Busy is not the same as productive

Busy can be good if the busyness is increasing business. It is critically important that our store is busy.  In order to sustain and exceed sales goals we must have customers coming through our doors. This means a lot of activity and most importantly a lot of sales resulting from this activity. In regard to the operations of stores, busy is great, busy or even uber-busy is the goal we are hoping to achieve.

  • As an individual, though, busyness can impact business and not necessarily in a good way. This is when “busy” can become a four-letter word. How busy are you?
  • Are you busy or productive?
  • Do the tasks you consistently stay busy with generate results (increases sales and profit)?

Whether you are an owner, manager, or sales professional, the questions apply. For years in the American business culture it has been pounded into our heads that our success is measured by the length of the hours we work, how little sleep we get, how much we are trying to balance at one time and how irreplaceable we are to the organization.  It might be time to throw out that tired measuring stick in favor of a more progressive approach.

Recently much research has been conducted and new patterns of thought have emerged that make a strong case for looking differently at how we perceive work.  Let’s begin by looking at some of the notable findings.

What Others Have to Say

In her recent book Thrive: The Third Metric to Redefining Success and Creating a Life of Well-Being, Wisdom, and Wonder, Arianna Huffington describes some of her revelations after collapsing and suffering an injury as a result of sheer exhaustion.  The cofounder and editor-in-chief of the Huffington Post Media Group makes a compelling case for the need to redefine what it means to be successful in today’s world.

In Thrive Huffington explores how our relentless pursuit of the two traditional metrics of success — money and power — has led to an epidemic of burnout and stress-related illnesses, as well as deteriorating the quality of our relationships, family life, and even our careers. She suggests that in being connected to the world 24/7, we’re losing our connection to what really matters.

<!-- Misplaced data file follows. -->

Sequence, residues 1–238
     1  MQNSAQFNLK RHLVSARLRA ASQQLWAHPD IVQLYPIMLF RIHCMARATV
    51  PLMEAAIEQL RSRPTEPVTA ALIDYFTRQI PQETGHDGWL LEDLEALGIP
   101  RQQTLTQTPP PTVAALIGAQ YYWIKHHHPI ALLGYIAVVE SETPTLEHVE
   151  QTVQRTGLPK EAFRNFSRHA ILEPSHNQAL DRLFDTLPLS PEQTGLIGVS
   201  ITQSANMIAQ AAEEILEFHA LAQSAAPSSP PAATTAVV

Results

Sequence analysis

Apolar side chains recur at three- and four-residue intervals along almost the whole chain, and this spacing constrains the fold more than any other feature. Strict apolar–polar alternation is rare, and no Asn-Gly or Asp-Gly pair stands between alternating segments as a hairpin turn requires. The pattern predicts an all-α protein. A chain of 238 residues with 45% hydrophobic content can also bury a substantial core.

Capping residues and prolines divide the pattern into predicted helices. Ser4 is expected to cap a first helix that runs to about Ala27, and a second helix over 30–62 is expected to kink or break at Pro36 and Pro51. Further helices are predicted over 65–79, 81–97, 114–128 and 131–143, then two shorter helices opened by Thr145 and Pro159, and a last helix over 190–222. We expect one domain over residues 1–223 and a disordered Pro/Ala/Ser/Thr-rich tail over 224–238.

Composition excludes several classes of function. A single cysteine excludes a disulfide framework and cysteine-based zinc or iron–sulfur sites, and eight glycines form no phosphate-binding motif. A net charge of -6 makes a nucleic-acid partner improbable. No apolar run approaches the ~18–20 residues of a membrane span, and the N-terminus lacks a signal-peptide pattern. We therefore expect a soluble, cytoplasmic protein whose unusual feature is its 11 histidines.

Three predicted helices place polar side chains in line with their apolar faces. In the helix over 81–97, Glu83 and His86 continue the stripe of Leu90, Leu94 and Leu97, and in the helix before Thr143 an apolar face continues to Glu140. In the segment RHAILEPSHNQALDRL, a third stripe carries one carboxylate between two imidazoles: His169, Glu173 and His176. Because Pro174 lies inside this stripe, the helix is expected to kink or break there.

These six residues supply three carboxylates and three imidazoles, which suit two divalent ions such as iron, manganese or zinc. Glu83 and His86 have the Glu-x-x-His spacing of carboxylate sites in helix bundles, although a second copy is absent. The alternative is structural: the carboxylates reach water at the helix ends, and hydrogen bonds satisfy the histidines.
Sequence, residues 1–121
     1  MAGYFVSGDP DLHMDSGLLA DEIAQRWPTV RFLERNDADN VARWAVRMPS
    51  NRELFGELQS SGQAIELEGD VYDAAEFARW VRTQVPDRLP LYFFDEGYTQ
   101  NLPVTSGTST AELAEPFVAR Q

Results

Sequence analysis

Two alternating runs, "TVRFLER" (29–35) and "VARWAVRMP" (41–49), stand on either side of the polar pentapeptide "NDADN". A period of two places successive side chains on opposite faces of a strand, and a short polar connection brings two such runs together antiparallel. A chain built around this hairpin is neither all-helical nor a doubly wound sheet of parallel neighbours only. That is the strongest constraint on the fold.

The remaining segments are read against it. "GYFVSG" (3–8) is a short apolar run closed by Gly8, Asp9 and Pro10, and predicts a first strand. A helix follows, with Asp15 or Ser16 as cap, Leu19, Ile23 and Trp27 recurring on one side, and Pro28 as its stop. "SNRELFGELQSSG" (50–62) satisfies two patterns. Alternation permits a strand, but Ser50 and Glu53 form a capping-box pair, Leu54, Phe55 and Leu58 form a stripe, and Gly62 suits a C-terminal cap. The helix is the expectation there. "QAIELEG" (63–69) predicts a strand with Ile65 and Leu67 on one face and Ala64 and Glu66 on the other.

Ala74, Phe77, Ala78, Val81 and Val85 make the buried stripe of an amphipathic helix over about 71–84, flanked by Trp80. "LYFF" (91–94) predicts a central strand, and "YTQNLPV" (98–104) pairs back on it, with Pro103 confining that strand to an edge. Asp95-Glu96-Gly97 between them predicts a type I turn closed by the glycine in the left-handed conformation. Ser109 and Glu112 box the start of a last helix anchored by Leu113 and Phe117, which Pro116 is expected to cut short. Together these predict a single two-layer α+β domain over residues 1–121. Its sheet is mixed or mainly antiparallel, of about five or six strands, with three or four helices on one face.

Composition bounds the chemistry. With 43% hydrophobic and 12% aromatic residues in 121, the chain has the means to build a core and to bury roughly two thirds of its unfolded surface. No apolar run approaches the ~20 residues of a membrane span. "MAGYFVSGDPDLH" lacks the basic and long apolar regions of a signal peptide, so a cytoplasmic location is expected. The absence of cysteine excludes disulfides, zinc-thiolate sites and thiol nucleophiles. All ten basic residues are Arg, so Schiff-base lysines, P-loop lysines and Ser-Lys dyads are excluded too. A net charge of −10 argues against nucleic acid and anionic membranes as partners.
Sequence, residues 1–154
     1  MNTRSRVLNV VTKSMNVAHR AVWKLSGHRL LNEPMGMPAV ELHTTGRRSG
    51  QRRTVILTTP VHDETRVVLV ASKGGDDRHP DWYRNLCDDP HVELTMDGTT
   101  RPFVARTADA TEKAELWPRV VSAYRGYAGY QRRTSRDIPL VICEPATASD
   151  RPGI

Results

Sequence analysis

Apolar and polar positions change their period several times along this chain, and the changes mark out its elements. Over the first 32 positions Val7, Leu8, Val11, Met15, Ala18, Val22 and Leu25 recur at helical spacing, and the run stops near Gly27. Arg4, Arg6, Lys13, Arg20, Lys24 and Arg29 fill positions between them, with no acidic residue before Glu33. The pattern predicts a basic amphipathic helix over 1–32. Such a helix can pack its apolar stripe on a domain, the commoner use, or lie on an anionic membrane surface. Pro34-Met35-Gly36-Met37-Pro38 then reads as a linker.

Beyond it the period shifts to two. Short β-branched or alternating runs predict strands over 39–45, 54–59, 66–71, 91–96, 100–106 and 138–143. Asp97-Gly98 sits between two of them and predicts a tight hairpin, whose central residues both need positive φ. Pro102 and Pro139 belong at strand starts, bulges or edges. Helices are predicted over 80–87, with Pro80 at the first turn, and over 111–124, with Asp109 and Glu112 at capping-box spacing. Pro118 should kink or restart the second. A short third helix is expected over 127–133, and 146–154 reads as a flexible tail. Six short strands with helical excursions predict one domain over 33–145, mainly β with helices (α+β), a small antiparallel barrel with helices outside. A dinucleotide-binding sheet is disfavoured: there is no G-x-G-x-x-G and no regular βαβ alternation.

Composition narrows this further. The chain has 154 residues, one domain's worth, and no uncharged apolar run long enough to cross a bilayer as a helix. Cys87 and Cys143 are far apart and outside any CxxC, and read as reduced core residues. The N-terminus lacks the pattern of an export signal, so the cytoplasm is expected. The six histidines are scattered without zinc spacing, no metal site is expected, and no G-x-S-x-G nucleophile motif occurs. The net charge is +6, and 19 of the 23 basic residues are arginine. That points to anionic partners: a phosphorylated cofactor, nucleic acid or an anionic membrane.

In her book, Huffington references the pioneering research and scientific findings in the fields of psychology, sports, sleep, and physiology that show how strategies such as meditation, mindfulness, unplugging, and giving can lead us to embrace a new way of operating.  This new line of thinking and operating calls into question our culture, our thinking, our workplace, and our lives.

If Arianna Huffington can run a media empire and maintain a level of sanity, can’t we?

Speaker, writer, and educator, Greg McKeown’s book, Essentialism:  The Disciplined Pursuit of Less details the practice of getting more done in less time. It’s about getting only the right things done.  He is adamant that this is not a time management strategy, or a productivity technique. It is a system for discerning what is absolutely essential, then eliminating everything that is not, so we can make the highest possible contribution towards the things that really matter.

He suggests we apply much more selective criteria for what is Essential, the disciplined pursuit of less empowers us to reclaim control of our own choices about where to spend our valued time and energy. McKeown describes this strategy as a new way of doing everything.  Essentialism is about doing less, but doing it better, in all areas of our lives.

Why Busy is such a bad idea

The idea is that in making these behavior adjustments we are working toward becoming our best selves.  The concept however is not one born out of pure selfishness. Often we don’t realize the negative effects our “busyness” is having on others and our organization. Consider some of the negative side effects listed below.